Recording Surgeries? Surgical Black Boxes?
Interesting article just appeared in the National Law Review about the possibly of recording surgeries, creating so-called "surgical black boxes" to look for mistakes and mishaps in surgery that might explain adverse events. The article says researchers at the University of Toronto have developed a black box tool to track surgeries. Moreover, a Wisconsin lawmaker has introduced legislation that would give patients and families the option of filming their surgeries. Not surprisingly, the Wisconsin Hospital Association and Wisconsin Medical Society are opposed to the legislation...they are afraid the tapes could be used against physicians in court. Several years ago I remember talking to a veteran defense lawyer about taping different operations and medical procedures. This lawyer, who had defended many "bad baby" cases in his career, said it was an absolutely "stupid idea" when OB/GYNs told new dads they could not record the birth of their children. The lawyer stated that more often times than not the video recordings proved the doctors and nurses did a good job despite the bad outcome. We threw away a lot of great evidence, said the lawyer.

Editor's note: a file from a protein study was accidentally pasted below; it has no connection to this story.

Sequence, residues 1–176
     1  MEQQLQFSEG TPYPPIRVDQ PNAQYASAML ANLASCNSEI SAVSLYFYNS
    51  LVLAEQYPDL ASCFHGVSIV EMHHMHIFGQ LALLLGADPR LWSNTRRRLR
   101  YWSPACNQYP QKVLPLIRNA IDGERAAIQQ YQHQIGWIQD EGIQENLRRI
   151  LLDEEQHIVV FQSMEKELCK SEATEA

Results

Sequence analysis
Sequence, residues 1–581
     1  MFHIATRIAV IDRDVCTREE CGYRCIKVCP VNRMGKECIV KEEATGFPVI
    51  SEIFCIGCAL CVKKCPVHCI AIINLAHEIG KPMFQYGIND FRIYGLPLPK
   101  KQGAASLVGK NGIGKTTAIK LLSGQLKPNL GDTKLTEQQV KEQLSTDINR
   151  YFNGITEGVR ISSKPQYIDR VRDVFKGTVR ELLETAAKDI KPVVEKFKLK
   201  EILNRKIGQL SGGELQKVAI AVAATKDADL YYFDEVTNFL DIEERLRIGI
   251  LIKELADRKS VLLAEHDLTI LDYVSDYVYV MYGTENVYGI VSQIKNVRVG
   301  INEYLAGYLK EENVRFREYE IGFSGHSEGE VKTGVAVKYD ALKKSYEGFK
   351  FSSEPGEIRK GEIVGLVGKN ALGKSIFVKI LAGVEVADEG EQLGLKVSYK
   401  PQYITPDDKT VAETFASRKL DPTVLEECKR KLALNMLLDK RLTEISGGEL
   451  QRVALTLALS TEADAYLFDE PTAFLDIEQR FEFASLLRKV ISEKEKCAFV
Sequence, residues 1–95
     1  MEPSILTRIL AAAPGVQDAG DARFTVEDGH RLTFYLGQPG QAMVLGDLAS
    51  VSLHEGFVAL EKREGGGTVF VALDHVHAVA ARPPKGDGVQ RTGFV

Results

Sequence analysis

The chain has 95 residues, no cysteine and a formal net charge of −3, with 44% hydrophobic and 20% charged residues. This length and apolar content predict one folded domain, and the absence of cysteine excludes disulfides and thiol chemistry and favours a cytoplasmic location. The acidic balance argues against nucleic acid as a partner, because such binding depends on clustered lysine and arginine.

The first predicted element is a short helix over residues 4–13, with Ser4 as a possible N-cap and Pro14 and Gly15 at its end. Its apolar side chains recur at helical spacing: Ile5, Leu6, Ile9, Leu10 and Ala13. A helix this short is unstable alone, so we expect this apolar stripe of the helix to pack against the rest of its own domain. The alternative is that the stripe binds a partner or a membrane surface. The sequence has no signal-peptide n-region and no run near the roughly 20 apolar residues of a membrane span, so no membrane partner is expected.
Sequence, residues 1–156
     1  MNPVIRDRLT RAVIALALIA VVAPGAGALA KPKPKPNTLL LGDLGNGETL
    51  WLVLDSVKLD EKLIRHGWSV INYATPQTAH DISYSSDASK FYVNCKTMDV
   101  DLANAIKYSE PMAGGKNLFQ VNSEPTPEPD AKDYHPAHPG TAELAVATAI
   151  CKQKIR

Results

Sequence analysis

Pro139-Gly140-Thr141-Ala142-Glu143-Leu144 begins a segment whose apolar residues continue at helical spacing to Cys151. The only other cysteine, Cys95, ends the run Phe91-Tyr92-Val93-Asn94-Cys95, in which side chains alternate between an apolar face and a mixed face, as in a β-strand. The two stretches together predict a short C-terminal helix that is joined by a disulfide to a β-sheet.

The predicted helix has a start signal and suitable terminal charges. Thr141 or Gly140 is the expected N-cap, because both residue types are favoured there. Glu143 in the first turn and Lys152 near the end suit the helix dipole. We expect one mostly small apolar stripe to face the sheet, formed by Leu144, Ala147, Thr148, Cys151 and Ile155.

Remember, the true hallmark of a great disclosure program is telling a patient/family there was a mistake or error even if the family doesn't suspect something went wrong. So, in this vein, why be afraid of video taping surgeries and other major medical procedures? Why should we be afraid of the truth when we are supposed to truthful at all times??
What do you think? I would like to hear your comments at our blog.
Here is the link for the National Law Review article.
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